It has but one upper COMMON set of overall parameters that apply to all Parts.

So, while the Parts of four different 2-Part Performances can be "merged".... there can be only one set of COMMON parameters to rule over all Parts. By definition.

A Part, or Parts, always can bring along its own Control Assignments to its own 8 AssignKnobs, the relationship to the upper COMMON level of the Performance is unique for every Performance. So when you 'merge Performance' - you must create a new relationship with the upper COMMON level in this new situation.

Let's talk through an example, "CFX + FM EP" is actually a merged Performance... obviously. it merged the four Part "CFX Concert" with a single Part FM-X DX7 electric piano. As you know the Super Knob morphs between the acoustic piano (minimum) and the FM piano (maximum)... but imagine these two entities as separate Performances:

Call up the four Part "CFX Concert"
Press the "+" in Part 5 to "Merge" a new Single Part with this four Part.
The CATEGORY SEARCH - Performance MERGE screen appears
Set the search functions as follows:
Bank: Preset
Attribute: FM-X
Part: Part 1
Main: Keyboard
Sub: FM Piano

Find the "Classic '80's DX7 EP".
Select it

When these two sounds are *merged*, the relationship of the "CFX Concert" to the Super Knob is in place, but by adding the FM-X Part, it has no relationship with its new home in this Performance. If you want to morph the acoustic into the FM-X, that relationship needs to arranged between the Parts as they now exist... as they now exist in this newly merged relationship.

Instead of being Part 1 as it was in the Preset location, the FM-X EP is now PART 5 of this brand new Performance... this new Performance's COMMON level has no reference to a Part 5, at all... until you merged them there was no Part 5.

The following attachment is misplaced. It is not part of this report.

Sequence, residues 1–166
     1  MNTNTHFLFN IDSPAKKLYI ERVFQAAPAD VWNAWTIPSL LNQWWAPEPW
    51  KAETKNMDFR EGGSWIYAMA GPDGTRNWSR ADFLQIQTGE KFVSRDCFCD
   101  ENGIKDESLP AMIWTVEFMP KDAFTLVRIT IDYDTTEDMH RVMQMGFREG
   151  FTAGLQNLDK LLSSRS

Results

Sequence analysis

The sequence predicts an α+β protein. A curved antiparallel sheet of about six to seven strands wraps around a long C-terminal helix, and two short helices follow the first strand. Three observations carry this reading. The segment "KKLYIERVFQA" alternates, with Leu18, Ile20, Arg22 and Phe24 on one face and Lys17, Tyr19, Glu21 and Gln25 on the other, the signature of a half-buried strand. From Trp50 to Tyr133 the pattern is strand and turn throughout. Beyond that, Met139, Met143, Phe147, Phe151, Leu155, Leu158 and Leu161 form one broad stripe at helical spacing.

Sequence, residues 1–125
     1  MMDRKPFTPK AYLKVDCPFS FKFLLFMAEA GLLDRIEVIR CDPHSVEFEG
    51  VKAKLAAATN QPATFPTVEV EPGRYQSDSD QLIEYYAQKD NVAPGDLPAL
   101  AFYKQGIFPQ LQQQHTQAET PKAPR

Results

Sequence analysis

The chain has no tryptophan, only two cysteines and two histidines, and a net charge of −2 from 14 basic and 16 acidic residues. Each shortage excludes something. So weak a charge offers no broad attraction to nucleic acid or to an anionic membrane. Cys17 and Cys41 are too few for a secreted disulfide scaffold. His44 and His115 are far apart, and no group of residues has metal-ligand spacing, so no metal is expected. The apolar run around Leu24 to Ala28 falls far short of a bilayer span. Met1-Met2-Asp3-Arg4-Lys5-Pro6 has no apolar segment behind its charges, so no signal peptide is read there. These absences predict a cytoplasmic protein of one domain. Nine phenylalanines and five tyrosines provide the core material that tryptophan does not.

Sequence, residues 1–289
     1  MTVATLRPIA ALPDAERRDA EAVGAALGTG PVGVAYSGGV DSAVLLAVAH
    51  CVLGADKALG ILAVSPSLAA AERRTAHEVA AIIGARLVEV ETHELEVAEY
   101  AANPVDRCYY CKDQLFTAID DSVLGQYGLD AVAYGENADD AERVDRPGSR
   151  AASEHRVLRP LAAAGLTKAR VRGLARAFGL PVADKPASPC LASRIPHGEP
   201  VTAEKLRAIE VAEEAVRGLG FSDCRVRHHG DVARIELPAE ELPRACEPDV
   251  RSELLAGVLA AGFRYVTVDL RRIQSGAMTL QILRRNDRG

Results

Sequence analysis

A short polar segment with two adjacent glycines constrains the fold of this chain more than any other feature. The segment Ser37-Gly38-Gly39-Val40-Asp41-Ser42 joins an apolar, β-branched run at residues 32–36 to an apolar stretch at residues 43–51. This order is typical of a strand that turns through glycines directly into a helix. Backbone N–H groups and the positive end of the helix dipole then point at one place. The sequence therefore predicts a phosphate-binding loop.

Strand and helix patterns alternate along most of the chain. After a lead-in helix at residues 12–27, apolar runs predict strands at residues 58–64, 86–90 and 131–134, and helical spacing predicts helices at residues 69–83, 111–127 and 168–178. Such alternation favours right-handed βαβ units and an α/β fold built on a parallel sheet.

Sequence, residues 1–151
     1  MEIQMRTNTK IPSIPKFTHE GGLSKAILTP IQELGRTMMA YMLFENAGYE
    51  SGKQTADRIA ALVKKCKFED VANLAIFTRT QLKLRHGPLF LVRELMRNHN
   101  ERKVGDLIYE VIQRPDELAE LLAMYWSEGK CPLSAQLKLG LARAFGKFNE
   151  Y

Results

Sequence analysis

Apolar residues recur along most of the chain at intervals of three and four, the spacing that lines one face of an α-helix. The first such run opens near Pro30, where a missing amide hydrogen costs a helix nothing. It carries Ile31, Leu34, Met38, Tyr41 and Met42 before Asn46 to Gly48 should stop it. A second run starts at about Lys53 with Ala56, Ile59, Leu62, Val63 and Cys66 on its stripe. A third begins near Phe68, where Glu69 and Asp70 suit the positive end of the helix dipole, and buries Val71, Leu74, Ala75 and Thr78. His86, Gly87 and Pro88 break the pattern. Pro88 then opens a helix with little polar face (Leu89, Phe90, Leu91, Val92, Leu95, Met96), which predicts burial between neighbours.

There is nothing wrong, you just have to create COMMON assignments that include any new Parts you merge.

Each Performance can have 16 Control Assign Source/Destination sets... each new Part merged into this new environment will need to have its own relationship with the COMMON level (any previous assignment on this upper Common level would be meaningless in this new home).

Once you understand the Super Knob and its 8 associated AssignKnobs on that upper COMMON level, as being the set of parameters that rules over all 16 Parts together, you start to understand how and why each newly added (merged) Part must be programmed for a new relationship in each Performance in which you use it.

Extra Credit
And just to give a parallel instance: if the Performance you start with (CFX Concert, in the example above) has REVERB = HD HALL, and VARIATION = SPX HALL as the (Common) System Effects. These are the Effects shared by all Parts, in common, via an individual Send amount Control on the mixer.

Well, each new "merged" Parts will also now have their own SEND amount to these same COMMON System Effects, HD HALL and SPX HALL. Things on the upper COMMON level are shared by all Performance Parts.... make sense? They are as much a unique part of this Performance as the Super Knob assignments.

Each merged Performance cannot bring its own System Effects... there is one Common System Effects block that all Parts of the Performance share.
Each merged Performance cannot bring its own Super Knob assignments... there is one Common Super Knob assignment setup that applies to all Parts of the current Performance.
  1. more than a month ago
  3. # 4